The walls of Wantagh Fire Department Station 2, on Wantagh Avenue in Levittown, hold many stories, including that of Thomas L. Adams, a 59-year member of the department who died on May 12.
When Adams entered a room, he would light it up with his stories or jokes, Stephen Minogue, an ex-captain of Engine 2 and an ex-president of Company 2, said.
“His stories will live on in the firehouse and his joking matter, his story-telling and some of the sayings he left behind will be repeated for many years,” Minogue said, “because that was a lasting impression from him.”
At age 18 — some 47 years ago — Minogue was assigned to Engine 2, where Adams was already a member.
Adams, who often went by T.A., had joined the department in 1962, and served several times as the captain of Engine 2 and president of Company 2. “He came in with my dad,” Minogue said. “They came in together on the same night, and they served on the same rigs as captains.”
“He was a reliable pump operator and engine chauffe[u]r and taught his skills to many younger members,” the department’s public information officer, Kevin Regan, wrote on its Facebook page. “In addition, he had a great sense of humor and had a way of making younger members feel welcome.”
In recognition of his five decades of service, Adams was named an honorary chief in 2012.
He was a good firefighter, Minogue said, adding, “He got the job done.”
Adams’s daughter, Maureen Foley, said that her father always made her proud. “My mom worked nights — she was a nurse,” Foley said. “A call came in, you had to run into the car with him, he’d take you there and there was always someone to watch you at the firehouse.”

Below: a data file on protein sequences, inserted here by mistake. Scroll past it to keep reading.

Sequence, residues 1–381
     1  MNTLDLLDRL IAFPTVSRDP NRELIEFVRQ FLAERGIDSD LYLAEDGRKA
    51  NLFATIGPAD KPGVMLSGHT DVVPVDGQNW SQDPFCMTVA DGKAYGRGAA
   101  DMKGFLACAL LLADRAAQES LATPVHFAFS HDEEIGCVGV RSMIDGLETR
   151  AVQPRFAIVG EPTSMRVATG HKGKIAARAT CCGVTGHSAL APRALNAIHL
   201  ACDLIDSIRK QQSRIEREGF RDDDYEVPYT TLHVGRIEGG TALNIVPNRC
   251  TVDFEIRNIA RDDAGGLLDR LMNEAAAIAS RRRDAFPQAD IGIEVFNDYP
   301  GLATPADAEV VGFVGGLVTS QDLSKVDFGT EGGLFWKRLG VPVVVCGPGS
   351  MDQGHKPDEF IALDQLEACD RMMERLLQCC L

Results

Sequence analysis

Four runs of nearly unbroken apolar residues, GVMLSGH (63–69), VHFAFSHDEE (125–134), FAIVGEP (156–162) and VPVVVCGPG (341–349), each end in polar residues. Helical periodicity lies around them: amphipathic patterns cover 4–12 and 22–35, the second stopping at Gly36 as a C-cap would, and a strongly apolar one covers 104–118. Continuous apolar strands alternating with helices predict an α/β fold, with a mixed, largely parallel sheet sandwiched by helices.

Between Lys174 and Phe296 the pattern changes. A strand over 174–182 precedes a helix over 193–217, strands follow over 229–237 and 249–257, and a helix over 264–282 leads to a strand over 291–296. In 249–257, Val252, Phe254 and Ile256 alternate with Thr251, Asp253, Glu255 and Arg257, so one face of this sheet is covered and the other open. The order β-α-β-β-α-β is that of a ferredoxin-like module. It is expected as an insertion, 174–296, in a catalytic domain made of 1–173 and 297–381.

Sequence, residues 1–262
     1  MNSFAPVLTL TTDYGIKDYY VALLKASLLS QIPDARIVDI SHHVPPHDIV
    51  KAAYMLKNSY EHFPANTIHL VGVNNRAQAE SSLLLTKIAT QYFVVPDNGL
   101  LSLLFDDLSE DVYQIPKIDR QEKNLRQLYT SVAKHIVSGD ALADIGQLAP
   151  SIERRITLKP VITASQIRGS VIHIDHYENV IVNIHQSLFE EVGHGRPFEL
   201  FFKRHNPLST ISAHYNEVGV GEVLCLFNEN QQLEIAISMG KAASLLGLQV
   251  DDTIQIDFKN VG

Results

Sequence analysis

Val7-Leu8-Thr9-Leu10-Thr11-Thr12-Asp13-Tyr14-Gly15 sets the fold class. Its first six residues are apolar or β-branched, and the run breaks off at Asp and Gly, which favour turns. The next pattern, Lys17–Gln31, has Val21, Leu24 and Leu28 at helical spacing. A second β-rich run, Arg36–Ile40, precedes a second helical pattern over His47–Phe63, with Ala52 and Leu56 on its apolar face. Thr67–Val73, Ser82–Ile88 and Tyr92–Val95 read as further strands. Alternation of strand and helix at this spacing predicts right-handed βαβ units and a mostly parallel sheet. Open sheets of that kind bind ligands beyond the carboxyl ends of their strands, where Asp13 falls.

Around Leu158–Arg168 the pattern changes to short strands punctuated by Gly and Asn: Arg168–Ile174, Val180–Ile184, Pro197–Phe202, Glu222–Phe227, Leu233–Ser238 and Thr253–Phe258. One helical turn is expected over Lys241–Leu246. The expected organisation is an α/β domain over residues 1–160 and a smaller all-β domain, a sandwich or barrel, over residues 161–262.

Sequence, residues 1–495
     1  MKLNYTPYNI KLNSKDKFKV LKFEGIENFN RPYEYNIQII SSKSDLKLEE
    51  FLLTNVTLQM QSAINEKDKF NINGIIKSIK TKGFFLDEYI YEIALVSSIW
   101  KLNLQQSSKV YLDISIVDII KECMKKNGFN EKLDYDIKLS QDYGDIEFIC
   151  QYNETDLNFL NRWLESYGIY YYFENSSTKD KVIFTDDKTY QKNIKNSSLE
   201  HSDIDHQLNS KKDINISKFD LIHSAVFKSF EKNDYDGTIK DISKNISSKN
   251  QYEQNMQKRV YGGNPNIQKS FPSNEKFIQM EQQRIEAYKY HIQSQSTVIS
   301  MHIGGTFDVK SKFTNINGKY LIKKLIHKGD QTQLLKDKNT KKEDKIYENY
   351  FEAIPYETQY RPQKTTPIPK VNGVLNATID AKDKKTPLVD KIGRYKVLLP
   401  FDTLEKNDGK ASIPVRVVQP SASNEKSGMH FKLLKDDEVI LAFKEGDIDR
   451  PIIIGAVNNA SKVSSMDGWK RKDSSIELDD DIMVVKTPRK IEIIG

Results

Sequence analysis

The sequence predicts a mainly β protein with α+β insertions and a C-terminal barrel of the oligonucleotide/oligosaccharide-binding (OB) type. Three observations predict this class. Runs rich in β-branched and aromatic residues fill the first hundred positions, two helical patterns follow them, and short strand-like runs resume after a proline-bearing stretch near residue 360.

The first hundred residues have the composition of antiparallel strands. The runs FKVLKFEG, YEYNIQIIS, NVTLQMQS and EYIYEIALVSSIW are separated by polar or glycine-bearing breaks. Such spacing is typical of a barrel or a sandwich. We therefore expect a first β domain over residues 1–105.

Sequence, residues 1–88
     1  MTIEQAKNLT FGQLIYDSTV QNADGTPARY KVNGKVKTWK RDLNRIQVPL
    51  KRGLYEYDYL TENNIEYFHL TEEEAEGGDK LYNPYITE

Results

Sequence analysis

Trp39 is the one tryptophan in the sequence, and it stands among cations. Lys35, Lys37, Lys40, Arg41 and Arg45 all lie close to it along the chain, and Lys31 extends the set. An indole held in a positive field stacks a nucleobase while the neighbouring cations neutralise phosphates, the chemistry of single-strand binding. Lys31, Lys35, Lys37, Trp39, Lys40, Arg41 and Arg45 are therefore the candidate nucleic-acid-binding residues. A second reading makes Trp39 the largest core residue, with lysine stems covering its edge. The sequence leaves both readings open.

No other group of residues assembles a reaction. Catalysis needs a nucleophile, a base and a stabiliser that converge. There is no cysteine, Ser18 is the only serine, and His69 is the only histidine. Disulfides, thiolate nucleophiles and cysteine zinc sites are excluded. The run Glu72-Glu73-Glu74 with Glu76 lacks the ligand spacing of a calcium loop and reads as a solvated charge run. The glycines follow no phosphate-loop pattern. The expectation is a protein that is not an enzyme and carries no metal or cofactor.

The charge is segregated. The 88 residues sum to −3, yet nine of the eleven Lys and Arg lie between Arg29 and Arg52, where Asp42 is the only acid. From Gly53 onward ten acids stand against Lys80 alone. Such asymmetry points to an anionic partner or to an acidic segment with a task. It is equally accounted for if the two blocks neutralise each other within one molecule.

Minogue said he had known Adams since he was 7, because his father was also a longtime member of the department. Some of Adams’s five children were near the ages of Minogue and his siblings. When Minogue got married and had children of his own, Adams’s daughters would babysit his kids.
Foley, a former Suffolk County police officer, said that the Wantagh F.D. was like a second family, and she remembers the picnics and parades they attended with their families. “We never missed the Fourth of July parade until Covid last year,” she said. “We had our corner where my siblings all get together, the five of us, and all the grandchildren, as many as can get there . . . That’s our spot. He always knows where to look for us, because he was always a driver.”
Even when Adams was recovering from a medical procedure at Central Island Healthcare in Plainview, Foley said, members of the department gathered there on Feb. 27 to lift his spirits. “They brought trucks there,” Foley recounted. “All the guys showed up to salute him to bring his morale up. What they did was incredible.”
“When he did pass, they were there through everything,” Foley said. “The funeral was incredible. At the wake, the tribute that they did, with every engine out in front, the guys coming in saluting him, they were just being there with my family.”
“It was a nice send-off for him,” she added.
Many people reached out to Foley after her father died to let her know how much of an impact he had on their lives.
“Thomas was a very easy-going guy,” Minogue said. “He was just a gregarious guy, a lot of fun. You always knew when he was in the room. Always had a joke, always in an uplifting mood. Nice guy to hang out with.”
Adams is survived by his wife of more than 60 years, Barbara, and their children, 14 grandchildren and three great-grandchildren. “The grandkids grew up with [the Fire Department] too,” Foley said. “They see the firehouse and they say, ‘That’s grandpa’s firehouse.’”